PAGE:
Nightingale Competition.

As some of you may know, I’m running a competition offering people the chance to name a character in my upcoming novel, Nightingale, which will be available from Bold Strokes Books in 2014 and a stay in one of the Tipi’s on my campsite, Deepdale, on the North Norfolk Coast, UK. For more information about the competition

follow the link, or to enter directly go to

You don’t have to be at the draw to enter–but it would be lovely to see you there if you can make it. And if you don’t think you would be able to get to the UK…well that’s okay too. Some people have asked about donating that part of the prize if they can’t. Which is totally fine.

So, I thought I’d give you a little…teaser…to see what’s brewing with the story.

Hope you enjoy…..

Charlie took a deep breath, the aroma of sun scorched earth, spices, and small farm animals filled the air. Goats bleated their greetings to anyone who passed, and chickens pecked at the ground. It never ceased to amaze her. She was less than an hour from Islamabad—a bustling metropolis—and she felt she had stepped into a different country. The small Pakistani village was home to no more than a hundred people on the edge of the Peshawar plain, the desert encroached on one side and the mountains loomed on the other, and Charlie had the feeling that the village had stolen the land it was sitting on. Everything had a temporary feel to it. As though mountain or dessert would soon reclaim it and cast the villagers out in search of another place to settle.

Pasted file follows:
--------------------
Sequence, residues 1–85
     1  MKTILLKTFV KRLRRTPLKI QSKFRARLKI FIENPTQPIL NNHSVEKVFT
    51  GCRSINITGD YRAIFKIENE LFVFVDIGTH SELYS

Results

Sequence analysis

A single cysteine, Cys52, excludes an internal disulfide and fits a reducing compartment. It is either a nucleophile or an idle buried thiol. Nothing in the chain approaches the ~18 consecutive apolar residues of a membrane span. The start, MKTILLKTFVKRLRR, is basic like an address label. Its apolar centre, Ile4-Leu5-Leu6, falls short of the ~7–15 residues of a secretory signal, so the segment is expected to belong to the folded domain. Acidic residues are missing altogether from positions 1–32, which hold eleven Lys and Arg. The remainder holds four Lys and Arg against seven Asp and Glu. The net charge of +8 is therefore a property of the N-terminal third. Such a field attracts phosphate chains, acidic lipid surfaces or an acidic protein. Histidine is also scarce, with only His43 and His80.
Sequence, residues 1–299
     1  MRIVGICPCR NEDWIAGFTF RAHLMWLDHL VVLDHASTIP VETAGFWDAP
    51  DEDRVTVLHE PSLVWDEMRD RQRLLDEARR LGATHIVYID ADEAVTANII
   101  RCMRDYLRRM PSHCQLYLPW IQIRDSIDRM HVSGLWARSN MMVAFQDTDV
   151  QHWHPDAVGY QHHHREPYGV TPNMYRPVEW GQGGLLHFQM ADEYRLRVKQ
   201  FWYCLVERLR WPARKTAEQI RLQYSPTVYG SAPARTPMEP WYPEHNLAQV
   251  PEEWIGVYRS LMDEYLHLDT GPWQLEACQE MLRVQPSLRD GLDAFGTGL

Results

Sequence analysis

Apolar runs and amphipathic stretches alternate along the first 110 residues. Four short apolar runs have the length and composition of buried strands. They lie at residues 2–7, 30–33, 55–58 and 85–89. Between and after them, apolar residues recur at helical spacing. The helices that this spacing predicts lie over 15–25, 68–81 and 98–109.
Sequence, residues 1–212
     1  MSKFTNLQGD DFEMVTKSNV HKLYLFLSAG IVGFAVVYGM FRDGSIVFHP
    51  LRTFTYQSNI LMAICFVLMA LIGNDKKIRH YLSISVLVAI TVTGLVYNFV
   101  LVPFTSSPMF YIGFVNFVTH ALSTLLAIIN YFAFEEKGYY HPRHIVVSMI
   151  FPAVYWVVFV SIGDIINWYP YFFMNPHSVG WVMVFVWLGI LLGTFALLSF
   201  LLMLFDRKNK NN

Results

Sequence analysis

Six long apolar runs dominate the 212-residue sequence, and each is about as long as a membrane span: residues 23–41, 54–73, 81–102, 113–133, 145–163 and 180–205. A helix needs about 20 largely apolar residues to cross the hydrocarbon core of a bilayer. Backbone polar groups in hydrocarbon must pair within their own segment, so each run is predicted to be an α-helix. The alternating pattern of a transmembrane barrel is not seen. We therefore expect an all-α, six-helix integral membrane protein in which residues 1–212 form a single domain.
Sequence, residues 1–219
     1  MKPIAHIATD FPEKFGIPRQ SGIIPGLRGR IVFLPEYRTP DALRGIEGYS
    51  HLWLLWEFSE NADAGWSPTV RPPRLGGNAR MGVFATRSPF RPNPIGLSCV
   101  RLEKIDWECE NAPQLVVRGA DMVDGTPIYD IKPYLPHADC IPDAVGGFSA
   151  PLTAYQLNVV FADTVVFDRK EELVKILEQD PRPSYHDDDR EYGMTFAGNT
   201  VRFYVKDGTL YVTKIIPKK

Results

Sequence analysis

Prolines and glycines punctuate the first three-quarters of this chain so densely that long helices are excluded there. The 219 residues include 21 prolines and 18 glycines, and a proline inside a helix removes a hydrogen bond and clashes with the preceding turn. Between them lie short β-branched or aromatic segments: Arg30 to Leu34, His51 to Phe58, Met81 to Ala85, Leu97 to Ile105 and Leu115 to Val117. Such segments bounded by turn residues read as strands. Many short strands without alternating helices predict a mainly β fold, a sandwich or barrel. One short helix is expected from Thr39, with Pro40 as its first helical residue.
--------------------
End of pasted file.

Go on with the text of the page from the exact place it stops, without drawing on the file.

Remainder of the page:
She climbed out of the Jeep and pulled the scarf closer to her face. She hated wearing it; the way her sweat seeped into the fabric in the heat of the fast fading sun. As much as she hated it she knew it was a small price to pay to be able to accomplish her work.

She knocked on the door and waited. She could hear voices behind the wood, a child sniffling, and the soft shuffle of slippered feet across the floor. The hinges creaked as the door swung open and a bearded face appeared.

“Yes?” His English was thickly accented and he looked at her curiously. It had been a long time since Charlie had questioned why people never addressed her in Arabic—her blue eyes and the inevitable escaping blonde hair a certain give away to her western roots.

“Mr. Malik, I’m Charlie Porter. We have spoken on the phone several times over the past few weeks.”

“The woman from the Embassy?” A frown marred his face, the deep set eyes turned wary, and the crinkles at the corners deepened.

Charlie prepared herself. “Yes.”

“I have nothing to say to you.” He began to close the door and she quickly held out her hand to halt its progress.

“Sir, I have a proposition for you. Would you allow me to speak with you?” Charlie looked him in the eye as he stopped pushing, she knew that this was the final resolution for this case, and a child’s future rested in her hands.

“You want to take my daughter from me.” His voice was gruff, scratchy almost.

“No, Sir, I want to make your life a little easier.” She held up a newspaper folded into quarters and a paragraph was circled in red. “I want to give you a fresh start.”


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